Though it’s only been a few short days since Martin Scorsese’s latest film The Irishman joined the Netflix content library and started playing 24/7 showtimes in living rooms around the globe, already the dust seems to have settled. Controversies rose and fell seemingly within the span of a day, takes of varying hotness have been unleashed on the denizens of Twitter, and the trolling dismissals have been just about balanced out by the glowing praise. All of which suggests that we’ve passed the statute of limitations on spoilers, and may now dig deep into the minutiae of the film’s later scenes.
The life story of Frank Sheeran (Robert De Niro), the mafia enforcer turned right-hand man to union boss Jimmy Hoffa (Al Pacino), stretches out over the second half of the 20th century and seems to contain millennia of guilt and regret. Scorsese’s longest narrative film yet gives viewers a lot to sort through; some reviews barely share any overlap in terms of the material covered. But the final hour has gone less-discussed in an official capacity, so we’ve honed in on some key topics for further dissection. Read on, cue up your next rewatch, and remember: you never wear shorts to a business meeting.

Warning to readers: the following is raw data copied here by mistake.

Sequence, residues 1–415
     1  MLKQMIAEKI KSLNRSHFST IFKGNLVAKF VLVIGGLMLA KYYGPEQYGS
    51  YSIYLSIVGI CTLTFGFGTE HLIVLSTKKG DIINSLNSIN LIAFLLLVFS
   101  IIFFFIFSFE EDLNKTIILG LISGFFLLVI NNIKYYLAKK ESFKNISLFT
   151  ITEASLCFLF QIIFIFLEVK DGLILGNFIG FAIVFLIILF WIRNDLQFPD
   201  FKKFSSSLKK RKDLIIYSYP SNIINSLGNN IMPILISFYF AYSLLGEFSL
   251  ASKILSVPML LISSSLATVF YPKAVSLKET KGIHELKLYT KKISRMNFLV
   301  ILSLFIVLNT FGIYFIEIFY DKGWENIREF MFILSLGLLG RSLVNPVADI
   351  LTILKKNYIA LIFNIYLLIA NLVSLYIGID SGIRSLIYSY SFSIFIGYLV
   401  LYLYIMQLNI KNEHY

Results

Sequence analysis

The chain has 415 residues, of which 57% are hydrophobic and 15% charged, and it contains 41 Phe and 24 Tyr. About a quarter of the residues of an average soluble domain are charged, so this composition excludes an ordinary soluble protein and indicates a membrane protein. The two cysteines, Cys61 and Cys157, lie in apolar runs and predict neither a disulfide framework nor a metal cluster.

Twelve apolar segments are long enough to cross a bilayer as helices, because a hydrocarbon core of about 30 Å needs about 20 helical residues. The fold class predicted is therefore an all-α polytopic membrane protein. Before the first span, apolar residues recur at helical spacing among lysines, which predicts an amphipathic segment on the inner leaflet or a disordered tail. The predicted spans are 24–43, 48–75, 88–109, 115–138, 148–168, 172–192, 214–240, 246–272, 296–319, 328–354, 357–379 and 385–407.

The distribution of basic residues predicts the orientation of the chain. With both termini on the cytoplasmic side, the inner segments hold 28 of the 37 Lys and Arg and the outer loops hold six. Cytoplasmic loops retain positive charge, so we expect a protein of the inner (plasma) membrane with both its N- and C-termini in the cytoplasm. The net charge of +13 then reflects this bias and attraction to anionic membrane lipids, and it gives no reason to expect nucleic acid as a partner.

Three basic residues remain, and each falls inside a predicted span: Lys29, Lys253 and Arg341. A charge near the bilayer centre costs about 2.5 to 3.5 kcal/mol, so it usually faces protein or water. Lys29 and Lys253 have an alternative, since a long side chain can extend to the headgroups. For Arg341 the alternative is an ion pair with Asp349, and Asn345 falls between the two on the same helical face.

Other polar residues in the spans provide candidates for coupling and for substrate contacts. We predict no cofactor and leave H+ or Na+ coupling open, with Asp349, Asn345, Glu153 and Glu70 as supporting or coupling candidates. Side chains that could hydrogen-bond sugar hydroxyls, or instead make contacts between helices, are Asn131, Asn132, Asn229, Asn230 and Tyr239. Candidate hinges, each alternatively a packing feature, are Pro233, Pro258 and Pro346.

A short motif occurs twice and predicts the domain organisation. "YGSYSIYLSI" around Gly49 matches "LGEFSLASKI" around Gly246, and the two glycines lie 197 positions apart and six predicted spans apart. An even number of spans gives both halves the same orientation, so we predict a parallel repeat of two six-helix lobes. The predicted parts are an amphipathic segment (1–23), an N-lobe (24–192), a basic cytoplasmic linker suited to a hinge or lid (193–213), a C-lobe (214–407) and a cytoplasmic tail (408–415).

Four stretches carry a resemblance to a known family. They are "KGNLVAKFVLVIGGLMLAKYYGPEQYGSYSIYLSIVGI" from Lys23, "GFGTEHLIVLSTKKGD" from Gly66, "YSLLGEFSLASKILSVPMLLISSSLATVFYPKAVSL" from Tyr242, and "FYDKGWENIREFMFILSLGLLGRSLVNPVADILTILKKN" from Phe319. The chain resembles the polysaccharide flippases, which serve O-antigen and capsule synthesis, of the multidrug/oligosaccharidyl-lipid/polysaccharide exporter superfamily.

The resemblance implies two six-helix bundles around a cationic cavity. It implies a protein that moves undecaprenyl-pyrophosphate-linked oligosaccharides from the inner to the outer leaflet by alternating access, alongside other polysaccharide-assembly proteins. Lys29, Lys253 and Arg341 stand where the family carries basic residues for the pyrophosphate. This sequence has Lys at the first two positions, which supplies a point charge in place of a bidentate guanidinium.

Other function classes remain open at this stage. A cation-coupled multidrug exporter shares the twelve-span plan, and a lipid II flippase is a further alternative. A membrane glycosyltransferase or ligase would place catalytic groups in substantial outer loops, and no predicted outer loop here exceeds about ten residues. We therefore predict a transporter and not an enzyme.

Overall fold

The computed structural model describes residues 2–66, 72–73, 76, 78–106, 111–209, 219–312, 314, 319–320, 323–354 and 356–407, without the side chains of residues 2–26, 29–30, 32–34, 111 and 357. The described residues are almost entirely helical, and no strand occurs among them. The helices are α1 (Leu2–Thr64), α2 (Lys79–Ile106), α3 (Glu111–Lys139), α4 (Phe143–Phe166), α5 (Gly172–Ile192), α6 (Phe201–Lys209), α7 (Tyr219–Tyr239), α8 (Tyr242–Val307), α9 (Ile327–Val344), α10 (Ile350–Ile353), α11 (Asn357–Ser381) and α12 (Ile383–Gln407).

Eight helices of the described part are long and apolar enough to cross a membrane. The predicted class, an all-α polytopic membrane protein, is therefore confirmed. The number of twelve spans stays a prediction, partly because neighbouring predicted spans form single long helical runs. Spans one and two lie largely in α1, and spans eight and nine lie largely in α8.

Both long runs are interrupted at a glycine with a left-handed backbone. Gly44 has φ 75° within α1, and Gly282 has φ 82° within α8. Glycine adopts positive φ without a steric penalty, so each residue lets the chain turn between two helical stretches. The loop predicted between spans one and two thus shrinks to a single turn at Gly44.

The ‘disappearance’ of Jimmy Hoffa
The most shocking allegation lodged by the real Frank Sheeran’s book I Heard You Paint Houses, the basis for Scorsese’s adaptation and the source of its alternate title, comes when Sheeran claims to have murdered Hoffa himself. The circumstances surrounding Hoffa’s sudden vanishing from public life have long been fodder for rumor and conjecture, and some on social media have pointed out that we’ve got no reason to believe Sheeran’s outrageous confession. But in le cinema du Marty, an unreliable narrator prone to making grandiose statements about their own feats – that’s the film-maker’s bread and butter. He prefers to depict his flawed protagonists on their own terms and let the audience read between the lines.